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Efficient Algorithms for 2-D Rectangle packing
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British German Academic Research Collaboration Programme

British German Academic Research Collaboration Programme

This is a project to implement and evaluate known shelf algorithms for 2-D rectangle packing problems. The goal is essentially twofold:

- To implement algorithms (code design) and identify bottlenecks (testing and evaluation);
- To provide improvements (code redesign, testing and evaluation).

The British group (from University of Liverpool) is presented by

- Dr. Prudence Wong (group leader)
- Dr. Russ Martin (faculty member)
- Chang Su (PhD student)
- Xiaohui Zhang (PhD student)

- Prof. Dr. Klaus Jansen (group leader)
- Aleksei V. Fishkin (Siemens AG, Munich, Germany)
- Ralf Thoele
- Florian Diedrich (PhD student)
- Oezguen Bayramoglu (diploma student)

## Key words

Rectangle packing, approximation, shelf algorithms## Objectives

New fast algorithmic solutions for the 2D-rectangle packing problem can have a great impact on a variety of important applications from Computer Science and Operations Research, e.g. cutting stock, VLSI design, image processing, bandwidth management, multiprocessor scheduling, just to name a few. So far, the following versions of the problem have been studied:- 2D-Strip-Packing: Pack a given set of 2D-rectangles into a vertical strip of unit width so that the height to which the strip is filled is minimized.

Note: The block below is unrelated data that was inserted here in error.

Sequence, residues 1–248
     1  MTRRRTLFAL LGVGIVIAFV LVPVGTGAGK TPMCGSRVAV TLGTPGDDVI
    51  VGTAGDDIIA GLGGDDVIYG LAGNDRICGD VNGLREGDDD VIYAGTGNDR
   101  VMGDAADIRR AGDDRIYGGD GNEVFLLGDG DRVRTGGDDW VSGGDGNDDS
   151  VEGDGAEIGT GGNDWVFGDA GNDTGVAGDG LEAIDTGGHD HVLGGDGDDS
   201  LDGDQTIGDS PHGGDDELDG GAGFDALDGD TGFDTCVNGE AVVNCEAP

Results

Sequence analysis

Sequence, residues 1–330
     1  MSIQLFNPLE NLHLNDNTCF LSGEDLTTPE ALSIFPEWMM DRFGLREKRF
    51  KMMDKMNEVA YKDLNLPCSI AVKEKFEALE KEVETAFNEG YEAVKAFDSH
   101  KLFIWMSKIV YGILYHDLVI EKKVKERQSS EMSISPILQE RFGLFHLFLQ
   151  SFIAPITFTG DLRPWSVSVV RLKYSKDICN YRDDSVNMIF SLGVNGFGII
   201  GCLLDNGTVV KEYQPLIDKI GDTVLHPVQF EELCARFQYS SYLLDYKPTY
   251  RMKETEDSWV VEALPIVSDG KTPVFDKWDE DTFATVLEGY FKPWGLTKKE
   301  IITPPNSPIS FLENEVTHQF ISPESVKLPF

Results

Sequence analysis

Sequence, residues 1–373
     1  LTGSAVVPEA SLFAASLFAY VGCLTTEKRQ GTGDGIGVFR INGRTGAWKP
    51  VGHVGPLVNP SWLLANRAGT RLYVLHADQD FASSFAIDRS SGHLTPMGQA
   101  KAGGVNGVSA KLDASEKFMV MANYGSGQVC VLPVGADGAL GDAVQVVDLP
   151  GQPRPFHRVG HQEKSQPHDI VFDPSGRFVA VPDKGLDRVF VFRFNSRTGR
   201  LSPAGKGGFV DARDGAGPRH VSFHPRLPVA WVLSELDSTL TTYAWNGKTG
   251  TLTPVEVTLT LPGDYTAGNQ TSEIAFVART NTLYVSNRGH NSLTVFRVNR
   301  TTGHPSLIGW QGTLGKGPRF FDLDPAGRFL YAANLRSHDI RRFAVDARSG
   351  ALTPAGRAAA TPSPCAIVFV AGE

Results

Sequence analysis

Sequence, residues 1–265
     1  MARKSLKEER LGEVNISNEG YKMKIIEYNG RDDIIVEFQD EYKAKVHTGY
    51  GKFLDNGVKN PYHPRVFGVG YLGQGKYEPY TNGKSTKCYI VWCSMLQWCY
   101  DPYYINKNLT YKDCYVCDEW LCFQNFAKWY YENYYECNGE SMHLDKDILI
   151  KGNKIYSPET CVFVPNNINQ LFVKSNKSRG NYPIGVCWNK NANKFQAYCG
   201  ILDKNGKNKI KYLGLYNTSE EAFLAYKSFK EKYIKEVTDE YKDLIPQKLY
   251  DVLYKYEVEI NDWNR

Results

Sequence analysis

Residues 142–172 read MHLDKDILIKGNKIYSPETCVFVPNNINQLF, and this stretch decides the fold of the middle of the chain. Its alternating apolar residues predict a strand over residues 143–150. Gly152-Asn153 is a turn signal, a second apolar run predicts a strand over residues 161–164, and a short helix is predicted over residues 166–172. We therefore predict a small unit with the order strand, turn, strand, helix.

- 2D-Bin-Packing: pack a given set of 2D-rectangles into unit square bins so that the number of bins is minimized.
- 2D-Storage-Packing: Pack a subset of a given set of 2D-rectangles with profits into an unit square storage so that the total profit of the packed rectangles is maximized.

Indeed, one can use exact methods like Integer Linear Programming, heuristic methods like Local Search and enumeration methods like Branch-and-Bound. Even if these methods could prove to be useful, the underlying algorithms are either very slow or produce very sub-optimal packings. In contrast, we aim at so-called approximation algorithms which run fast and produce near-optimal packings with quality guarantees.

Recently, we have developed a number of best quality guarantee (1+ε)-approximation algorithms. However, the design techniques used in these algorithms are quite complicated. In this project we propose to implement and evaluate so-called shelf algorithms. In the design of such algorithms, a simple shelf technique is used: order the rectangles according to a sorting rule like decreasing width, increasing height, etc. and then greedily pack them one by one in this order overpackage shelves according to some rule, like Bottom-Left, Next-Fit, First-Fit, Best-Fit, and so on. This allows a simple code design, a very fast running time, and a relatively good quality guarantee.